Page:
Nigeria’s CBN breaks open the banks

About Fatu
By Fatu Ogwuche

Top of mind: Happy Sunday!

Fantastic news from Nigeria this week! The Central Bank launched open banking, set to change the landscape of Nigeria’s fintech industry. Say what you want about the CBN, but this is a big deal.

Elon’s Starlink is losing cool points, and we need to talk about Africa’s equality problem. It’s Women’s History Month!

Let’s get into it.

3 big things

– CBN’s big announcement
– Starlink hates the rain
– Africa has an equality problem

CBN breaks open the banks

The short: The Central Bank of Nigeria approves an open banking regulation.

Trailblazing: Nigeria has become the first African country with open banking regulations. After the Central Bank of Nigeria (CBN) approved the operational guidelines for open banking in Nigeria, they issued a circular outlining them. 

Nigeria’s open banking is backed by over 50 banks, consulting firms, and fintech companies, including Fluterwave, Paga, and Sterling Bank. Some Open Banking Nigeria coalition members, like Mono, Okra, and Stitch, have developed creative hacks while waiting for open banking. But the regulation will allow them to access a larger pool of data.

What this means: Open banking would enable financial providers to innovate more accurately by giving them access to data. When users opt-in to open banking, it lets financial institutions, customers, and third parties network their data. Data privacy is essential, and the new regulation aligns with the Nigeria Data Protection Regulation (NDPR). 

This regulation also ushers in the country’s new era of credit scores and rating systems. 

Final thoughts: We give the CBN some flack for over-regulating the ecosystem, and rightly so. But it is still one of the most innovative central banks in Africa. The possibilities are endless once it goes into full swing. So, a big shout-out to Adedeji Olowe, Founder & CEO of Lendsqr and his team for kickstarting the initiative. 

Starlink is slipping

The short: Bad weather humbles Starlink’s victory lap in Africa.

An instant hit: Starlink’s Africa expansion looked like an instant success, with over 600 orders in the first few weeks of its launch in Nigeria. The reviews were coming in, with everyone running speed tests and showing off their satellite-powered internet. So what could go wrong?

When it rains, it pause: Starlink users were quickly exposed to the downside of internet satellite technology. With every shower came service interruptions, and users were forced to activate alternative ISPs. 

With Nigeria experiencing rainfall half the year, I’m afraid Starlink users will need an alternative ISP to weather the storm. 

Africa tour: Starlink is expanding its service to Kenya in the second quarter of 2023, with rollouts in Zambia, Tanzania, and Morocco before the end of the year. These regions have similar climate conditions as Nigeria. Starlink will need to manage expectations on this rollout.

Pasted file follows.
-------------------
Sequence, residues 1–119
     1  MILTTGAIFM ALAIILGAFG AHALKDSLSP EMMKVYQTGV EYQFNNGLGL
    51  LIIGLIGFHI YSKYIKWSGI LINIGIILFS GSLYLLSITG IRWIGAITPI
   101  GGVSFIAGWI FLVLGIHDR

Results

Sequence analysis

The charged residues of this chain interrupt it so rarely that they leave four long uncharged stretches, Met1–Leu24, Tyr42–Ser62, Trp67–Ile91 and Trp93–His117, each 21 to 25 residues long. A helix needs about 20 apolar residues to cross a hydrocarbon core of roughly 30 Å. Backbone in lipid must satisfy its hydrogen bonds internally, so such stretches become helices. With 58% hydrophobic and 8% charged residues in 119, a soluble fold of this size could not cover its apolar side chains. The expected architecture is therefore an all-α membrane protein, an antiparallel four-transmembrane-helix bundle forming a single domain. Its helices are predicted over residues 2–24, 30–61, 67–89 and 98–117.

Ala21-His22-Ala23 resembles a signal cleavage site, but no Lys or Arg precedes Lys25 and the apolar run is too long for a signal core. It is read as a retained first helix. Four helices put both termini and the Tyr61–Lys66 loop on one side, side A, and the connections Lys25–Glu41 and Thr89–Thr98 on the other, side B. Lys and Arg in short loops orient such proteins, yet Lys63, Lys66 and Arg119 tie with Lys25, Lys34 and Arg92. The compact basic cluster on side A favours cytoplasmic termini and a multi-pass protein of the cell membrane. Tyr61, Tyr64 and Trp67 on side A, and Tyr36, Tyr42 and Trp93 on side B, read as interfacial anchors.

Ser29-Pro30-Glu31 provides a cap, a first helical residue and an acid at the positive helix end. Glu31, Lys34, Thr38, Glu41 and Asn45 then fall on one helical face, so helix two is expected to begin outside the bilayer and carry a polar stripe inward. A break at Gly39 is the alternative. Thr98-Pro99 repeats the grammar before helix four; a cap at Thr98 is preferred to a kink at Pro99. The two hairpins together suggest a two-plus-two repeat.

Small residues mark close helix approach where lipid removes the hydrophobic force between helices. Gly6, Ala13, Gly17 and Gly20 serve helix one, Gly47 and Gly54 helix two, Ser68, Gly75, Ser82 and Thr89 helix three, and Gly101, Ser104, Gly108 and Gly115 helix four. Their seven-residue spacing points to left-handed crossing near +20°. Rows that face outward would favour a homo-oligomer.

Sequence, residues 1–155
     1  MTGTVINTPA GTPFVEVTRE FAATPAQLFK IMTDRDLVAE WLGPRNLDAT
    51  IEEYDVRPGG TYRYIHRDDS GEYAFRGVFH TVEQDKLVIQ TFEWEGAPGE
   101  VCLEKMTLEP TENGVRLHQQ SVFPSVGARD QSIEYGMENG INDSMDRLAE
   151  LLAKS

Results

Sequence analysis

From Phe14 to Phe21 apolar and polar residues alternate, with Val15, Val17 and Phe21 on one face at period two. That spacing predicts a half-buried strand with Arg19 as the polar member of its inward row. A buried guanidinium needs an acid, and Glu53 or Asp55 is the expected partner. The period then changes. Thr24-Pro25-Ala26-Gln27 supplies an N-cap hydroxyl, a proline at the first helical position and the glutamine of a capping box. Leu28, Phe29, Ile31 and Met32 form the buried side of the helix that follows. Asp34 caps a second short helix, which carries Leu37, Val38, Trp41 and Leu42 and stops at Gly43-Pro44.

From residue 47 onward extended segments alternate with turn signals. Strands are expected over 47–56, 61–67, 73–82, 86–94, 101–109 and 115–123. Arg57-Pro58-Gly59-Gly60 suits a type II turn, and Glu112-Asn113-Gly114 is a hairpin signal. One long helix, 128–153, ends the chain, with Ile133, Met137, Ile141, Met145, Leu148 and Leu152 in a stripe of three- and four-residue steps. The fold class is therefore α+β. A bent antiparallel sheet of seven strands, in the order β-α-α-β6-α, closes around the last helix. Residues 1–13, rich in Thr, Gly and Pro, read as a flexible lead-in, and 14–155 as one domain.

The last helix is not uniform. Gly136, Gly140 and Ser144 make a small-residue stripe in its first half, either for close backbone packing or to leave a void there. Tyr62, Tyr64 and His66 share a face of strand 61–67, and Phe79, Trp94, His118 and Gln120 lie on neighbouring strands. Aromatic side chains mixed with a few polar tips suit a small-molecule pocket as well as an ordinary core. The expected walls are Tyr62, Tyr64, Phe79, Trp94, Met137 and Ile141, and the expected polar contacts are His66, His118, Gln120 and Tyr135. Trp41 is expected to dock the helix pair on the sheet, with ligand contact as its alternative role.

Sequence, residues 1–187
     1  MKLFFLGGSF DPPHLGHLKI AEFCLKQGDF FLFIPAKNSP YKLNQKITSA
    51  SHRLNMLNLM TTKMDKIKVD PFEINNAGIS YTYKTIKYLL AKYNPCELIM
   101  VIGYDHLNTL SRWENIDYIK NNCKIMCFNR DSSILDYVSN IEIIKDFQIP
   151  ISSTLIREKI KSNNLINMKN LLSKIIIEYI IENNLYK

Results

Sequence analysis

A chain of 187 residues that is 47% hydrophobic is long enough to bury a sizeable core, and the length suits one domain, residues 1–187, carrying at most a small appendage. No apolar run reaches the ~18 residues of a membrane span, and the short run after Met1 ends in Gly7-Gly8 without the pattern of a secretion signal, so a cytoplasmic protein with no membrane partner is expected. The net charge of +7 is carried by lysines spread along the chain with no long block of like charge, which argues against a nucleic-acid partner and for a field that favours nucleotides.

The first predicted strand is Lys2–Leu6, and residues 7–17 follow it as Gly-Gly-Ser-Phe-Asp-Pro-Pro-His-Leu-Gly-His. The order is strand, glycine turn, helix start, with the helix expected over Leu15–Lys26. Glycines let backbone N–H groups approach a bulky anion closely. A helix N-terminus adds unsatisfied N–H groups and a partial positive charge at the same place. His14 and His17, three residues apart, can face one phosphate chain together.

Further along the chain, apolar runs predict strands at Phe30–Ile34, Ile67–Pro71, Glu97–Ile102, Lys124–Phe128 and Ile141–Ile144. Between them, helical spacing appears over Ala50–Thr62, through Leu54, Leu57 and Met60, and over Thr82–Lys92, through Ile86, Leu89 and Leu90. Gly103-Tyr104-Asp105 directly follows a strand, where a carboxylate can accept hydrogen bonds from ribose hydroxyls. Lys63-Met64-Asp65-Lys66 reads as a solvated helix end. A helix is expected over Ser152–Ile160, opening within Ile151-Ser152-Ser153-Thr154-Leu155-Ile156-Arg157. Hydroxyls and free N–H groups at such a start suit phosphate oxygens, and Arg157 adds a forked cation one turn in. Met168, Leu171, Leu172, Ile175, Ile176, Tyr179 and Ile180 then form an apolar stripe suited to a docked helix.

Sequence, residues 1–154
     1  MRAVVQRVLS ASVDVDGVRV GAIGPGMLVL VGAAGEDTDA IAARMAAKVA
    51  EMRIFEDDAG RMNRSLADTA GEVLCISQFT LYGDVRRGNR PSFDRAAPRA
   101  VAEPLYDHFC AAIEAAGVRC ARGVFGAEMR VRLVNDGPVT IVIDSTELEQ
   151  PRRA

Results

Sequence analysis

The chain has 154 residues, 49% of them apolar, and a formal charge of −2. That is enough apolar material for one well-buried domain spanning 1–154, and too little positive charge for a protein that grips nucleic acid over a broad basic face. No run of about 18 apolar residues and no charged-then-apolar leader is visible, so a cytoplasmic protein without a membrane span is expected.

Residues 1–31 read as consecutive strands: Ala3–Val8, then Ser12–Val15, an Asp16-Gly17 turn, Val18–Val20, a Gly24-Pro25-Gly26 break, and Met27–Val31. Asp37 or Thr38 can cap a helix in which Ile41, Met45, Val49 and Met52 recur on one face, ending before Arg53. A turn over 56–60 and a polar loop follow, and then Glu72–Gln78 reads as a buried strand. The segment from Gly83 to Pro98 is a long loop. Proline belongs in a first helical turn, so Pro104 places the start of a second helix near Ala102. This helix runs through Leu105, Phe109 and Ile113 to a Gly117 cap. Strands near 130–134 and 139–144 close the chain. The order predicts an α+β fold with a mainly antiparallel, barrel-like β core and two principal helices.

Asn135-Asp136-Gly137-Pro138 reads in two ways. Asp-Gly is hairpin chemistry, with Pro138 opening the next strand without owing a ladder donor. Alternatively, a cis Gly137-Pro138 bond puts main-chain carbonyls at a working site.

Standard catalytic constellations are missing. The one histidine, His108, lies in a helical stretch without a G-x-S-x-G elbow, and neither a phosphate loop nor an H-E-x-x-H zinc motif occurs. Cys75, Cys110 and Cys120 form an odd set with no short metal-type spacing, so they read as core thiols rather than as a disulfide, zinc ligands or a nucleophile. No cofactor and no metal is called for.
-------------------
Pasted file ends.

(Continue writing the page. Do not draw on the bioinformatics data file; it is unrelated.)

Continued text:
Final thoughts: For Nigerians willing to part with the crunchy $500+ for the device and subscription, Starlink is still a great choice and much faster than a lot of internet providers on the continent – but this great choice sticks with you half the year, and goes on paid vacay the other half. It’s a struggle. 

Africa has an equality problem

The short: Equality remains a glaring issue in Africa’s tech industry.

The gap: The funding gap continues to widen globally in tech. In the US last year, all-women teams raised 1.9% of VC funding, which jumped to 17.2% when the team was mixed-gender. Back in Africa, the numbers are way worse.

According to data from Africa: The Big Deal, between 2019 and 2022, women-only founding teams and solo female founders received only 1% of the funding raised. Instead, 14% went to mixed-gender founding teams. You’ve done the math. The remaining 85% went to male-only founding teams and solo male founders. 

Check this: While women raise funds, they get less than men. For example, female-led teams constitute only 12% of deals closed under $1 million and an even lower 4% of deals above $1 million. In 2022, 97% of funding in the continent went to startups with male CEOs.

Sumn ain’t right: Statistically, women have proven to build enduring companies when giving the best VC support over time. The current data shows that male-dominated VC firms historically do not invest heavily in women, so women built their own VC companies to invest in women. 

Now, we are witnessing a shift from women being over-mentored to outperforming their male counterparts by 63%, with Africa recording the highest female entrepreneurship rate in the world, at 27%, and women making up 58% of the continent’s self-employed population.

Final thoughts: It’s March again. Another year to celebrate Women’s History Month – so every VC from London to Timbuktu are spotlighting women’s accomplishments. I hope these come with cheques and more cheques and fewer accelerators and workshops.  

Thanks for reading! We’d love to hear your thoughts about this week’s issue. 

Please respond directly to this email or find me on Twitter @fatuogwuche 🙂

See you next Sunday!

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